II. Dollar Award:
Market Norm Shifts: While not the market norm today, dollar denomination is certainly receiving more attention than it has in the past.
Divergence of Incentive: Because dollar denomination calculates the # Shares Awarded as [$ Award] / [Share Price], the lower a share price goes, the more shares an employee is awarded. This creates an opposite incentive to investors’ desire to drive up share value.
Difficulty to Calculate: One of the biggest hurdles on the dollar award methodology is figuring out the Share Price. Sounds simple, but for start-ups that lack good market pricing information and often have complicated preferred stock preference structures, it can be complex and very subjective to assess a share price value on common stock. The subjectivity in the pricing makes it difficult to frequently update a price for awards throughout the year, as well as potentially creating large swings in the sizes of those grants.
Short-Term Planning: It’s awfully hard to long-term plan share awards in the dollar methodology because you don’t know what the share price will be a year from now (or sometimes even 3-6 months from now). So dollar awards tend to work best for companies whose major share awards will be done in the short term, or who have very large option pools that don’t require minute-level advanced planning.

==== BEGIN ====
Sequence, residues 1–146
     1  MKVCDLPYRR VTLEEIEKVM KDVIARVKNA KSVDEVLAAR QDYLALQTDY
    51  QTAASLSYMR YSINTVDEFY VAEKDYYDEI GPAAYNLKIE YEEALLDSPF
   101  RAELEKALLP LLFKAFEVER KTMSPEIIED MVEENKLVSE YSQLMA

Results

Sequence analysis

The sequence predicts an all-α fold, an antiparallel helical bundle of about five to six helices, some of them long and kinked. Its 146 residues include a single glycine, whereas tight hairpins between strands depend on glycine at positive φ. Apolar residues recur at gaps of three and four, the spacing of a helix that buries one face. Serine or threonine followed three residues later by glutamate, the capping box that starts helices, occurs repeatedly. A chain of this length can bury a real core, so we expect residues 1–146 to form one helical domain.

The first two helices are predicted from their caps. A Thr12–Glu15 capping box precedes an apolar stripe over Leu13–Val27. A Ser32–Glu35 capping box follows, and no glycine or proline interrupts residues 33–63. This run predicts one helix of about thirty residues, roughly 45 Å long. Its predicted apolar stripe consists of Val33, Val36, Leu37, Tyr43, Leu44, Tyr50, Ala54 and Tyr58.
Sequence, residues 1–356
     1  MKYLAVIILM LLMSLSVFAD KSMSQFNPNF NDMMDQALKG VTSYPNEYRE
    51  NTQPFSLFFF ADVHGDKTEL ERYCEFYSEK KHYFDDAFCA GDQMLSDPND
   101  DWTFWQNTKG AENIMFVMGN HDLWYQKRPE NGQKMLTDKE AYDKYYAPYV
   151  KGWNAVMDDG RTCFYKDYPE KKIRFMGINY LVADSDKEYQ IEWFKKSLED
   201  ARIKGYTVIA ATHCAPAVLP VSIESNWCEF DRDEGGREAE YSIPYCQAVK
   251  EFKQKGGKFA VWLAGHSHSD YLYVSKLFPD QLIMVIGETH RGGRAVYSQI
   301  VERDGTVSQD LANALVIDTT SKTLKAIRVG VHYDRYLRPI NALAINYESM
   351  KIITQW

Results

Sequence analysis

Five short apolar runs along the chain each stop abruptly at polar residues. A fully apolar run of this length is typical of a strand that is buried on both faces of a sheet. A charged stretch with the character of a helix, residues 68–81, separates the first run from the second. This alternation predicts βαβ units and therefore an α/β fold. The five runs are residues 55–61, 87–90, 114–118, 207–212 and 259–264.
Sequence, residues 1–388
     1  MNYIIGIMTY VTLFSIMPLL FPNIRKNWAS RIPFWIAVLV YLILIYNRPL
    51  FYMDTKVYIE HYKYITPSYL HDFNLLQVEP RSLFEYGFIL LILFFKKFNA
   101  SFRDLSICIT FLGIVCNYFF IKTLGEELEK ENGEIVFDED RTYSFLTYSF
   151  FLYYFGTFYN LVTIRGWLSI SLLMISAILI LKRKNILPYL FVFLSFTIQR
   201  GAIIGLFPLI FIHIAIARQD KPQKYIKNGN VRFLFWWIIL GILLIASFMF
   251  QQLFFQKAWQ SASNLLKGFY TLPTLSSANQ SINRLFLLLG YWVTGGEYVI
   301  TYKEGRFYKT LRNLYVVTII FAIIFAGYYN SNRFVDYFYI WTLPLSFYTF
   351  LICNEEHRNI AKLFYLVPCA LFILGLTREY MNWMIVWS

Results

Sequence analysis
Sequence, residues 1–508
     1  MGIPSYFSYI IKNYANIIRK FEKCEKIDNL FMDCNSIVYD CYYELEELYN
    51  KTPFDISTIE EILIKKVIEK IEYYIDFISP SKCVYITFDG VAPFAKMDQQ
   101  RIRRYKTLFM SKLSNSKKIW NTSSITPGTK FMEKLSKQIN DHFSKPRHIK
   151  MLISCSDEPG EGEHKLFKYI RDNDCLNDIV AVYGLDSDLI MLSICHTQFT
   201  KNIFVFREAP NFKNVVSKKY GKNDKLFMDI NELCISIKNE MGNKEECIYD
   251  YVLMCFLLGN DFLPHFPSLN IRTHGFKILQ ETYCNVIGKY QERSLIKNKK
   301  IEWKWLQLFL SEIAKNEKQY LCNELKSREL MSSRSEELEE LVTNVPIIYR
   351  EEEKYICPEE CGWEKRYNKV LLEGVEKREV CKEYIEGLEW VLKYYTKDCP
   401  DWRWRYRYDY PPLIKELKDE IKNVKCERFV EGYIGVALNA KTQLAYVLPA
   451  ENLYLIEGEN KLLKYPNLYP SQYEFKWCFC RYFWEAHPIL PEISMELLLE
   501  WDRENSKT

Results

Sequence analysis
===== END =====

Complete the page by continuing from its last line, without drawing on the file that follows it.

Near-Term Understandability: This is really the major factor in support of dollar-denominating share grants, and it’s worth pausing to point out its importance. An entry level worker typically doesn’t assign a mental value to the percentage that is as high as the value the Board and c-suite perceive; the worker sees a 0.005% award and often thinks “Hmm, that’s a nice gesture to be an owner,” but places little mental value on a bump up from 0.005% to 0.0075% from a performance award bonus. If the award is given in a dollar amount, though, it’s much easier to digest in ‘today’s value.’ (“Wow, I’m getting a $50,000 bonus valued today in shares --- that just so happens to bump me up from 0.005% to 0.0075%.”) Arguably the whole point of giving shares to employees is to motivate them through often sub-par cash salaries and long working hours, so if dollar-denominating shares helps them feel like they’ve gotten a tangible, understandable “bonus” and improves immediate productivity, then arguably that can outweigh the other difficulties of the methodology.
So which is best? Ah, but if the answer were simple, we wouldn’t need a blog post, would we? In reality, most of our portfolio companies continue to use % method awards for the reasons described above, but they try to specifically sit down with employees to help them see the value of the shares (sometimes easier said than done). One of our portfolio companies recently did choose to join a growing contingent of start-ups awarding based on dollar methodology, believing that the tangible, easily understood benefit for their employees was the most important factor. Both methods can work, but boards and management teams should take the time to carefully consider the pros and cons of methods, with the ultimate goal of retaining and incentivizing the best and brightest for their companies.